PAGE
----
When the average end user discovers an injection on their system it’s more or less treated as a minor annoyance. They’ll receive a prompt - “Your Antivirus has detected (bad stuff)” and was successfully removed. And life continues on. However, a recently discovered variant has turned out to be more than just a minor annoyance. The thief of $4 million is no small feat.
A new variant of the Gozi ISFB and Hymanim malwares, known as the GozNym Trojan, was uncovered on April 14, 16 by IBM X-Force Research. The new variant is a hybrid between the two and together creates a powerful Trojan that is currently being used to infiltrate 24 U.S. and Canadian banks. The two malwares work in conjunction by relying on each other to carry out internal operations as a check and balance. As it turns out this dynamic dual has turned out to be quite the adversary. For a deeper look into the dubious malware checkout IBM’s Security Intelligence blog.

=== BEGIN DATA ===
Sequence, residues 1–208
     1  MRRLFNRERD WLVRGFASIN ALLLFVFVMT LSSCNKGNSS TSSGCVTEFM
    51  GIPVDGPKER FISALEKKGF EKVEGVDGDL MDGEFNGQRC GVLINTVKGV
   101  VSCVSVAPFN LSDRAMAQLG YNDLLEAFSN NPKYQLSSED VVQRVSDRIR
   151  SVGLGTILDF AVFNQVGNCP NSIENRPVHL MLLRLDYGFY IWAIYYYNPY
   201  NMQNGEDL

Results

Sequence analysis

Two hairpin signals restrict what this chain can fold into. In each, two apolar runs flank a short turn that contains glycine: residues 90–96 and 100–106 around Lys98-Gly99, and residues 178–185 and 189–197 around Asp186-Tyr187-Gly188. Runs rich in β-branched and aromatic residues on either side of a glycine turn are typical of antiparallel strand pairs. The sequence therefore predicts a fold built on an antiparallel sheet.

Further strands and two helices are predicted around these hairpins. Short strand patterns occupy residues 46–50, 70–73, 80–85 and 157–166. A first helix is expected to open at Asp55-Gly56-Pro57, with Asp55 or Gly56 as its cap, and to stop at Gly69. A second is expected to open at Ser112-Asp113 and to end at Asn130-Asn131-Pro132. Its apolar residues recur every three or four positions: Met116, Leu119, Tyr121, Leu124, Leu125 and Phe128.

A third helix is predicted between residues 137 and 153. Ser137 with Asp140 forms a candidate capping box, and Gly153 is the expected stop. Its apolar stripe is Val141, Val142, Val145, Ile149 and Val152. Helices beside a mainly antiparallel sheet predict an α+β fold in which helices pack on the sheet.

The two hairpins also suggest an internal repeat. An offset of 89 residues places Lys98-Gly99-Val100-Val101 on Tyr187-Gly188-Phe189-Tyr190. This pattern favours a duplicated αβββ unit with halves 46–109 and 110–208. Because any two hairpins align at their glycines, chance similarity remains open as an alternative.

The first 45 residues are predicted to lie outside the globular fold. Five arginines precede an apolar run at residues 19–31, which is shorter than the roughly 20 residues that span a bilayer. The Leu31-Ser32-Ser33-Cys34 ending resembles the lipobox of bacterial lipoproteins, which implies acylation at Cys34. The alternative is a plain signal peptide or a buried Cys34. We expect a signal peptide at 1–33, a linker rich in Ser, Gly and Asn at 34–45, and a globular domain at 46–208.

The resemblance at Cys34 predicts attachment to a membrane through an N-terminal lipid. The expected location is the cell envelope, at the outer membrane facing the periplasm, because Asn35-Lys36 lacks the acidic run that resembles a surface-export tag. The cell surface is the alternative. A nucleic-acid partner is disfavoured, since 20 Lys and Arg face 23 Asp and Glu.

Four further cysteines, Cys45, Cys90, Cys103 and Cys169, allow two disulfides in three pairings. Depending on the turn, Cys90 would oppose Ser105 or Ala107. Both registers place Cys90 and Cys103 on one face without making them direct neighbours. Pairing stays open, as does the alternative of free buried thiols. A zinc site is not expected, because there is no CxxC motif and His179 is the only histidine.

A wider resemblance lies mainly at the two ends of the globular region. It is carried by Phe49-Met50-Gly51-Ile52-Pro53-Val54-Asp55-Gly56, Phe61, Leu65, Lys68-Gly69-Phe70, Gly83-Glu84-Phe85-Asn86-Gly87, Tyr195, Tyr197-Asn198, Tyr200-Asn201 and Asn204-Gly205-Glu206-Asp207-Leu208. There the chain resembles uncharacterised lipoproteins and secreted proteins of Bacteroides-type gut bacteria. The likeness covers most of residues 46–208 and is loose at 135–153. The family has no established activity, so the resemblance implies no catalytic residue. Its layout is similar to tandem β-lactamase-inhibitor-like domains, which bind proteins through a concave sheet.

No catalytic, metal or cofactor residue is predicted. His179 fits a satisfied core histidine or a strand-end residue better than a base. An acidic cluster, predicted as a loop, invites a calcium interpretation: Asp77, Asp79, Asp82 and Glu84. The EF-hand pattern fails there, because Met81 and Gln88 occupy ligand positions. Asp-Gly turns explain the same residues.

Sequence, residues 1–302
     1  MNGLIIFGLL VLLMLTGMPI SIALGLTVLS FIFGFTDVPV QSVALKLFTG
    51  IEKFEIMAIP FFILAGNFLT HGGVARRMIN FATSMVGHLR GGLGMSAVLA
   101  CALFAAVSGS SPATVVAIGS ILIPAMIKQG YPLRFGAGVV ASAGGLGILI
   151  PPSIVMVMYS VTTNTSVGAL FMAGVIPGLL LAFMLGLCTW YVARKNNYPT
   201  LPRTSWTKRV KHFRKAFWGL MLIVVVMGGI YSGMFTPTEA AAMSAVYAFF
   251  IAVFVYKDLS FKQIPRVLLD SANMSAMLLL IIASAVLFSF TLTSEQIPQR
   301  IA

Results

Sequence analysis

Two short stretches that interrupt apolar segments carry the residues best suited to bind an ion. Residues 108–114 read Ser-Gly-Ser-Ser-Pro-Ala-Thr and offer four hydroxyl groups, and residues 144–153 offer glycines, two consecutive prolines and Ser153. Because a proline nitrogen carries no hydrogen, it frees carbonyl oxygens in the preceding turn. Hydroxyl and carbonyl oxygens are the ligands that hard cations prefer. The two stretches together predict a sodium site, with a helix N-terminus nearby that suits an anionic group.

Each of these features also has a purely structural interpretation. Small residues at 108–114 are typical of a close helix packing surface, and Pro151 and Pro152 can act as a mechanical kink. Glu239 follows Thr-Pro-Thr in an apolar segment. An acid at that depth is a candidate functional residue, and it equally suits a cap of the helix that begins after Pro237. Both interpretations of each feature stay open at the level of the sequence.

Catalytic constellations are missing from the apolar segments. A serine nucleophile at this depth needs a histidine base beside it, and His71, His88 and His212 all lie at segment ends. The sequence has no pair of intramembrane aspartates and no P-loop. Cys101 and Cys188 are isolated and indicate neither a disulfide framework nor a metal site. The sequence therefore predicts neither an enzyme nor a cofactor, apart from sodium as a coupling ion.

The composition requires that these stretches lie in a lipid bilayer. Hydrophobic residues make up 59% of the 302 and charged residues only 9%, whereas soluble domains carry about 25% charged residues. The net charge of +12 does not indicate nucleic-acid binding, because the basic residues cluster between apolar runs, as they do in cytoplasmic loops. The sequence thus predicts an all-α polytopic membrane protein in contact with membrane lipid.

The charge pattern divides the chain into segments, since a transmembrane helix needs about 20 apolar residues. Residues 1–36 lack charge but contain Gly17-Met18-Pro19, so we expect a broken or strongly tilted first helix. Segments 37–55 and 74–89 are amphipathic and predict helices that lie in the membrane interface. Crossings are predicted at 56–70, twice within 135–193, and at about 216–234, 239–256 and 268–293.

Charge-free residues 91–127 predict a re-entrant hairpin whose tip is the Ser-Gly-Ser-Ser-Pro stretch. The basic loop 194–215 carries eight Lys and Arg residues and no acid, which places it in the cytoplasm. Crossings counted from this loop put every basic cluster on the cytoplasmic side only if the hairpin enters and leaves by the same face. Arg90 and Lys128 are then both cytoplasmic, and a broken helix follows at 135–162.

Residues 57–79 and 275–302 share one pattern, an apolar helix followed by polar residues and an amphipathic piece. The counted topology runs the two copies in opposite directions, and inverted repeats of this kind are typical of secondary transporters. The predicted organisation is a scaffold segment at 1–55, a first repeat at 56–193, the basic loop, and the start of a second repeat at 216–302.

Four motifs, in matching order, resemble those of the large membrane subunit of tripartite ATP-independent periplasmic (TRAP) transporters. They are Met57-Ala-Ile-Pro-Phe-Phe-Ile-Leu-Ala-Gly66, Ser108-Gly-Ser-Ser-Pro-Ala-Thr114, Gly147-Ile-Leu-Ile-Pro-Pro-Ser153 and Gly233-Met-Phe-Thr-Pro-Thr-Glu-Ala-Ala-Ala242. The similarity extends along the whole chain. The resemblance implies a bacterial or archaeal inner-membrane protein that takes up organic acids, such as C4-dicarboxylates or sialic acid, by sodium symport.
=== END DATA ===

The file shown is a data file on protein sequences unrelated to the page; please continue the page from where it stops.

The vast majority of the targets thus far have been North American banks, credit unions, and ecommerce platforms.
This Trojan itself is actually targeting individuals with bank access as opposed to targeting the banks directly. The infection will usually arrive in the form of an attachment and will silently install without end user interaction. The information captured includes taking screenshots and recording keystrokes as most Trojans do. With it the user’s credentials will be captured and passed back to the malware creator. Once the creator has the compromised credential it’s just a matter of time until the funds are accessed and transferred away from the end user’s account.
The typical rules apply for keeping yourself safe from attacks of this kind. Since the infections are most commonly delivered through email, don't open links or attachments from untrusted sources. If you do know the source stop and ask yourself a simple question – am I excepting this email?